Chefs and bakers are struggling to figure out how to make pandemic-born mutual aid pop-ups sustainable going forward
Aliza Sokolow is grateful to be working again. As a food stylist and photographer living in LA, things have been picking up, and she’s getting ready for her kids’ book, This Is What I Eat, to come out next year. It’s exciting, to be sure, but it leaves Sokolow wondering what to do with her mutual aid pop-up project, This Is What I Baked. Starting in April 2020, after work dried up and she “desperately needed an outlet,” Sokolow began baking challah, selling it to her friends, and donating the proceeds to charity and mutual aid organizations like World Central Kitchen and the Trevor Project. “It was sort of an accidental business,” she said.
As the pandemic dragged on, Sokolow adapted her operation. Demand for the challah rose so high she couldn’t bake from home anymore. “I had to start paying for assistants and kitchen spaces, and I all of a sudden had expenses,” said Sokolow. At first, she was donating 100 percent of proceeds to charity, but as she couldn’t foot the bill for ingredients forever, she lowered her donation amount to 50 percent, and now says she gives about a quarter to different charities. She’s not sure if she’ll be able to keep it going, or if she even wants to, after her book comes out and her other work picks up to pre-pandemic levels.
The beginning of the pandemic brought massive layoffs and furloughs, insecurity and uncertainty. It was a perfect confluence of people having a lot of time on their hands and a lot of anxiety about the world for a specific type of food business to grow, one which centered on giving back to the community and spreading resources around. There was a huge need for mutual aid, and both furloughed professional chefs and amateurs sprung into action, putting their skills to use. They cooked and baked and packed meals and donated the profits, or held free street cookouts and giveaways, all to make sure their communities stayed fed and funded.
But here are some truths about what the pandemic looks like in America right now. Less than 50 percent of the total population is vaccinated. The super-transmissible delta variant is quickly becoming dominant in the country, and cases are dramatically rising in places with low vaccination rates. The country, however, still has some of the lowest documented COVID cases since the pandemic began, and most states have all but abandoned safety regulations around which businesses can operate and at what capacity (some, however, are mandating indoor mask-wearing again, and there’s an argument to be made that vaccines should also be mandated for people dining indoors). Offices are reopening and jobs are coming back. The pandemic isn’t over, but it’s as close as it’s been.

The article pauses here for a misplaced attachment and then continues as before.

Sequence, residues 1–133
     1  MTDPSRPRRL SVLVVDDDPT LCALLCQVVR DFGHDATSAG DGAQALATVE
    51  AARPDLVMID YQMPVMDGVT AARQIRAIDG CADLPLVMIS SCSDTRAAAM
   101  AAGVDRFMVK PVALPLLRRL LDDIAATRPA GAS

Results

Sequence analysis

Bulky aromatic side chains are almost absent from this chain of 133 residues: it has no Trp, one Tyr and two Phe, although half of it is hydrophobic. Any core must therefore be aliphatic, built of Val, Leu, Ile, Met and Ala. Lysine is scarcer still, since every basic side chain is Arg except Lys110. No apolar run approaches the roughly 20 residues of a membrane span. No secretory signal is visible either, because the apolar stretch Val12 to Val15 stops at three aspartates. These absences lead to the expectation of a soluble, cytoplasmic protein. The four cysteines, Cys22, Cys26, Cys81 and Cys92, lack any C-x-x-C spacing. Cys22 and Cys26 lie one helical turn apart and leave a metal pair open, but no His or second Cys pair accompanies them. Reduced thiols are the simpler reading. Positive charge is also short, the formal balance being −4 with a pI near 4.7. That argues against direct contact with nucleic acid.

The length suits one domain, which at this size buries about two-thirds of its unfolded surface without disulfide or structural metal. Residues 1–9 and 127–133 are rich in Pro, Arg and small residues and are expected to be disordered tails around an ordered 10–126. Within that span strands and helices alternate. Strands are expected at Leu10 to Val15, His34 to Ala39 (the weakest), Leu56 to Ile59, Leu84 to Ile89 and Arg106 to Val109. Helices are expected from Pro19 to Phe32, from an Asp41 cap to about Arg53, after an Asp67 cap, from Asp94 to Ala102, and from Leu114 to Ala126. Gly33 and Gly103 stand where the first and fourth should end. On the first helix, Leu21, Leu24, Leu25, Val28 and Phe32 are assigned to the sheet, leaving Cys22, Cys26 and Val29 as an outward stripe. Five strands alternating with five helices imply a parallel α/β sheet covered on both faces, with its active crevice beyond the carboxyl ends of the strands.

Like Sokolow, the chefs and amateurs running these pandemic aid pop-ups are getting back to work, too, which means they have less time to dedicate to mutual aid. Customers are also turning their attention elsewhere. Creators are questioning whether to keep going, and if so, how to make that doable in a reopened country in which running a business and mutual aid work have often been mutually exclusive.
Listening to constant sirens outside of his Queens apartment window last spring convinced Eli Goldman, a nonprofit worker, the world was ending. It was April 2020, a month into being ordered to work from home, and New York City was still the epicenter of the pandemic. To cope, he started giving away groceries, and then baking bread, and then cooking barbecue to raise money for mutual aid networks and charity. “I think a lot of it was like, well I may be dead or witnessing the collapse of society within the next year or so, so I really should just try and help people on the way out.”
Despite his nihilistic predictions, the project is surviving and thriving. What began with Goldman lowering bread from his apartment’s balcony to friends below morphed into Tikkun BBQ, a “mission-driven pop-up” that has raised over $80,000 for organizations like the Astoria Food Pantry, the Ali Forney Center, and Safe Walks NYC. Goldman has spent the year honing his skills, setting up smokers in the Open Street in front of his apartment, developing his own sandwiches and sauces, and partnering with local businesses. It’s not uncommon to see a line around the block for his barbecue, or for it to sell out within a matter of hours.